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[42] they went to their beef and molasses. Everything was very orderly, and they seemed to have a very gay time. Most of the visitors had far to go, and so dispersed before dress-parade, though the band stayed to enliven it. In the evening we had letters from home, and General Saxton had a reception at his house, from which I excused myself; and so ended one of the most enthusiastic and happy gatherings I ever knew. The day was perfect, and there was nothing but success.

I forgot to say, that, in the midst of the services, it was announced that General Fremont was appointed Commander-in-Chief,--an announcement which was received with immense cheering, as would have been almost anything else, I verily believe, at that moment of high tide. It was shouted across by the pickets above,--a way in which we often receive news, but not always trustworthy.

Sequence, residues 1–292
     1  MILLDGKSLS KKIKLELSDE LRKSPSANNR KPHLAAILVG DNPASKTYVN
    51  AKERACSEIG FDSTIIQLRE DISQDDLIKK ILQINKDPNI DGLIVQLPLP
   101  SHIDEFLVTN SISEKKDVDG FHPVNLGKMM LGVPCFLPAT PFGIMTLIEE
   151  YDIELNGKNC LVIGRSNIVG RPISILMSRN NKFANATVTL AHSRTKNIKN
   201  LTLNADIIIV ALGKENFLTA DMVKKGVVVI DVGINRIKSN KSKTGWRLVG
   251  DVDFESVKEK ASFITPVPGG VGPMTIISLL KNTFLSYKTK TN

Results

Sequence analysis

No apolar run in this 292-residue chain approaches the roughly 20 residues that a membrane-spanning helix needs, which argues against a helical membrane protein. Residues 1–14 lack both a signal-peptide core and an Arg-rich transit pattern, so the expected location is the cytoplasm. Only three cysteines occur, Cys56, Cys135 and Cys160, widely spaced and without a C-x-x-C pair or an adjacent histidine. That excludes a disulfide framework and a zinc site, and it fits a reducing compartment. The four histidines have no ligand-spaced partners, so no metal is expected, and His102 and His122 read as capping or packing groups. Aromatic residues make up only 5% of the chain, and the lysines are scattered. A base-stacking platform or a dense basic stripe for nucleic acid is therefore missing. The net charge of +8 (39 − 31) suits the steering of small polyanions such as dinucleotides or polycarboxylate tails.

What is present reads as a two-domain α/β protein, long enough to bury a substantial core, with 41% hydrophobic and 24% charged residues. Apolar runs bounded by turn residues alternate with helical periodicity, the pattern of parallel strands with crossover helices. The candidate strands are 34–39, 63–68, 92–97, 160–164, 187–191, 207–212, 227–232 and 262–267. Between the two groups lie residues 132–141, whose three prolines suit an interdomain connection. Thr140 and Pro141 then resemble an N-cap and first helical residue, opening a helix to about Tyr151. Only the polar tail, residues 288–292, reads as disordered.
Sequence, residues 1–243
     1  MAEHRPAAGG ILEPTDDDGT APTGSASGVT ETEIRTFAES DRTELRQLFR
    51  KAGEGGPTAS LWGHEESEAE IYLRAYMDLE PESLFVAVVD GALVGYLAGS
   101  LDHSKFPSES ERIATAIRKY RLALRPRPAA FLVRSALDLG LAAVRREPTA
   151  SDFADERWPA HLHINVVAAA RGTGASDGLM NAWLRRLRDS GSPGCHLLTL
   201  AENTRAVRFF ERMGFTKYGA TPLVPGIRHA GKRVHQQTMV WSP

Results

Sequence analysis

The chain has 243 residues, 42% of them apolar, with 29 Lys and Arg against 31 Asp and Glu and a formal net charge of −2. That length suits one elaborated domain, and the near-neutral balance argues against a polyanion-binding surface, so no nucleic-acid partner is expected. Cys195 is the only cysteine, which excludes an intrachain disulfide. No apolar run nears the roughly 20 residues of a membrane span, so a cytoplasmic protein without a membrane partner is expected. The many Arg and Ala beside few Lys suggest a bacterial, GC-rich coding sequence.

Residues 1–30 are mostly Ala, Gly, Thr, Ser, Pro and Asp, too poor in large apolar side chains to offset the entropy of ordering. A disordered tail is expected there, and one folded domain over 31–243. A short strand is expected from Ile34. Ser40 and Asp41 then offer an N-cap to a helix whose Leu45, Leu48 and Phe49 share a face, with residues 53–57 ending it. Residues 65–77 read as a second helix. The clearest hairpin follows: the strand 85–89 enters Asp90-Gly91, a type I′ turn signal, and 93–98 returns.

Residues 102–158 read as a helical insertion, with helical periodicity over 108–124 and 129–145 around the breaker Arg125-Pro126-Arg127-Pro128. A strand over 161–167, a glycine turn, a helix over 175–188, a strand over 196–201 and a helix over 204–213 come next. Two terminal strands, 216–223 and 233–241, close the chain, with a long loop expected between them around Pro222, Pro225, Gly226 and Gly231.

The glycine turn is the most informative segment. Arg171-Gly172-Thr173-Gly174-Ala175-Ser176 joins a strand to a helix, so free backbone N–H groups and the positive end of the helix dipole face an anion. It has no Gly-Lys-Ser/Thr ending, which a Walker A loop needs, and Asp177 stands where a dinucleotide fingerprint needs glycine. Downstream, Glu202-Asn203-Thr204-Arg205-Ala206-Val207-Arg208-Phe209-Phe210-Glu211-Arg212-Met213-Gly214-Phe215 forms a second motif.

January 3, 1863.
Once, and once only, thus far, the water has frozen in my tent; and the next morning showed a dense white frost outside. We have still mocking-birds and crickets and rosebuds, and occasional noonday baths in the river, though the butterflies have vanished, as I remember to have observed in Fayal, after December. I have been here nearly six weeks without a rainy day; one or two slight showers there have been, once interrupting a drill, but never dress-parade. For climate, by day, we might be among the isles of Greece,--though it may be my constant familiarity with the names of her sages which suggests that impression. For instance, a voice just now called, near my tent,--“Cato, whar's Plato?”

The men have somehow got the impression that it is essential to the validity of a marriage that they should

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